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Bill Lee defies Reds, blames poor support and blister for loss

Bill Lee had a blister on his thumb that forced him to leave the final game of the World Series in the seventh inning.


Bill Lee had a blister on his thumb that forced him to leave the final game of the World Series in the seventh inning.

It was the way you’ve come to expect Bill Lee to go down. Kicking and scratching. Fussing and feuding with the Reds, or just about anybody else that got into his way.

“Dynasty, my ass,” fumed the fiery Red Sox left-hander who went out of the seventh game of the World Series, not in a blaze of glory, but grumping about shoddy defense behind him, and a bloop hit that made the Red Sox losers.

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“They did it on a clutch ‘crushing’ blow by Joe Morgan. Did you see how hard he crushed it?”

It is not the nature of Bill Lee to do anything with flamboyance, no, arrogance. Before the game, while Don Gullett of the Reds, his starting counterpart, was methodically working in the bullpen, Lee was up to his old tricks.

First he took a brisk stroll around the outfield, jogging slowly and occasionally putting on a sprint. Then he played catch. Yes, played catch in right field throwing the ball his usual 100 or so yards to warm up. Lee had pitched only twice in the last month. So he saw nothing wrong with a little show of ran stamina and courage to the National League champions.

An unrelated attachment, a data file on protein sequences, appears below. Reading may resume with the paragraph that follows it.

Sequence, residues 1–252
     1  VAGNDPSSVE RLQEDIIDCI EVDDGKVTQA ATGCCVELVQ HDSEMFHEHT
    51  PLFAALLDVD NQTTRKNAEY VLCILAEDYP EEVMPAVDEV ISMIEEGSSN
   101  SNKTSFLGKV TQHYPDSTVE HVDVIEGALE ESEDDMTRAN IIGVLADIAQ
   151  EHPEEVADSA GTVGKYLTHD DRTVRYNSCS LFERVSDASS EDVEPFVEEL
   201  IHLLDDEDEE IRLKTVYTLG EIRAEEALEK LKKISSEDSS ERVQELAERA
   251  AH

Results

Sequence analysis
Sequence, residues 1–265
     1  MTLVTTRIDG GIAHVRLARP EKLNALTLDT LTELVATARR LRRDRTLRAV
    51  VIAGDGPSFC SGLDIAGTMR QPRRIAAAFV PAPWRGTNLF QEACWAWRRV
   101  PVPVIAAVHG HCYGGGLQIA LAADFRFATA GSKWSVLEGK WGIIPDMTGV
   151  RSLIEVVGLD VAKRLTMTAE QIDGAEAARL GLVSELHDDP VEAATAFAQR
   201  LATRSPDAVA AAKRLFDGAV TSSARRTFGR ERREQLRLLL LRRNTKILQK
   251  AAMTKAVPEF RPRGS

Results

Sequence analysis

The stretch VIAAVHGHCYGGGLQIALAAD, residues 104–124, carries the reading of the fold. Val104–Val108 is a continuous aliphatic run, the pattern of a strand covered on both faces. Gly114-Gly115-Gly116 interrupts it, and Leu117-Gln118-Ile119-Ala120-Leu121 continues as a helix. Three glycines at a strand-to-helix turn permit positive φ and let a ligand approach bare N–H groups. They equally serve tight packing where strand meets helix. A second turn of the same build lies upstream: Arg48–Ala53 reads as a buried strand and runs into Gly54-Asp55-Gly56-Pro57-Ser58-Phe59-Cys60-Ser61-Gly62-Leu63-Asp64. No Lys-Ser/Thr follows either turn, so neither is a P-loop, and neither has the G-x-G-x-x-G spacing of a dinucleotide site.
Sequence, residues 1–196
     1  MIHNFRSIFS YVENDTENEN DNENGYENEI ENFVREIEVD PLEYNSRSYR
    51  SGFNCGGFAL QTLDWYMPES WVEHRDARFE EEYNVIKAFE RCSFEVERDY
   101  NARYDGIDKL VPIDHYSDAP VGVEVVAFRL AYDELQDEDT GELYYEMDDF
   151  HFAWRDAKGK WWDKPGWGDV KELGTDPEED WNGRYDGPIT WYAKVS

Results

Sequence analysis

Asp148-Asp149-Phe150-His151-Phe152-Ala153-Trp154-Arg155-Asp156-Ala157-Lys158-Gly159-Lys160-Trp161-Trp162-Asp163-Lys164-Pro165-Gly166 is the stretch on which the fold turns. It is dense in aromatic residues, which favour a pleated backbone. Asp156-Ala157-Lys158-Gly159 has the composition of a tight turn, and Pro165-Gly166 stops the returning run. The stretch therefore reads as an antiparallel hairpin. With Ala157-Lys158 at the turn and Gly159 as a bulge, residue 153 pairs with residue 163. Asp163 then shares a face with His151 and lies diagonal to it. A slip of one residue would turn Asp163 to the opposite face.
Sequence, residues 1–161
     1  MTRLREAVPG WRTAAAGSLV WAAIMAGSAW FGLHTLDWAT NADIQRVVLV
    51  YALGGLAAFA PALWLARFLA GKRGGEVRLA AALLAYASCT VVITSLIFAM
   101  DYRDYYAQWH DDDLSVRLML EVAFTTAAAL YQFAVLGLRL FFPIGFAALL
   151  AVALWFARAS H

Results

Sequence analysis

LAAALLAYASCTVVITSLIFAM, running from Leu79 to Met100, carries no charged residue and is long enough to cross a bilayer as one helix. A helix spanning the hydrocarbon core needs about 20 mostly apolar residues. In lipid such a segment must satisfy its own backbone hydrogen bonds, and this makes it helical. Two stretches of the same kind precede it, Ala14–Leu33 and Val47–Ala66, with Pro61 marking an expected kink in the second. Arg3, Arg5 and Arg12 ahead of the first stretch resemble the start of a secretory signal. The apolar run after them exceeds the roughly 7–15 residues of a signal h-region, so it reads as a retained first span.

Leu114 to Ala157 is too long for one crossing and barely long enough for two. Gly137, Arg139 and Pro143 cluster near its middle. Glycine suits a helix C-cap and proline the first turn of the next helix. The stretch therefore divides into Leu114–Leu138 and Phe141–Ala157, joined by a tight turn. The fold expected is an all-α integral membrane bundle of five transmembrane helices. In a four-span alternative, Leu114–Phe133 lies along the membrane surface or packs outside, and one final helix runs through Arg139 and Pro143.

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Lee was in his glory for five innings when the Sox jumped to a 3-0 lead. But his world started to crumble in the sixth. First a costly error by Denny Doyle on a double play ball. Then his infamous Eephus pitch, which Tony Perez sent to Kenmore Square.

“Why does everybody ask me about that pitch to Perez,” he said. “Why doesn’t somebody ask me about the pitch I threw to Johnny Bench to get a double play that we botched. It was a sinker and a damn good one.

“Dynasty, my ass.”

Bill Lee, on the Reds’ victory
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“I have lived by the slow curve. I die by the slow curve. That home run didn’t beat us. We made some mistakes and that beat us.”

Lee said he would still be pitching if the blister on his pitching hand hadn’t suddenly developed. He didn’t want to be removed. And he didn’t particularly like it. But he understood the move by Mgr. Darrell Johnson.

“I didn’t have it until the seventh inning when I walked my first man,” he said. “People don’t understand blisters. It’s something that can happen very suddenly.

“All that has to happen is one seam to open in your skin. One pitch can do it and a blister is automatically created. It’s like a burn. I had no callus tissue developed because I hadn’t pitched but twice in a month. That’s why it opened.

“I felt fine. I didn’t want to come out. But I don’t run the ball club. I just go out and do my job. But if I had stayed in there we’d never lost to the Cincinnati Reds.”

Lee took issue with the Reds’ claim that winning the Series proved once again the National League is superior.

“That’s just propaganda about them and their league. They’ve a good team and so are we. The two leagues are equal.”

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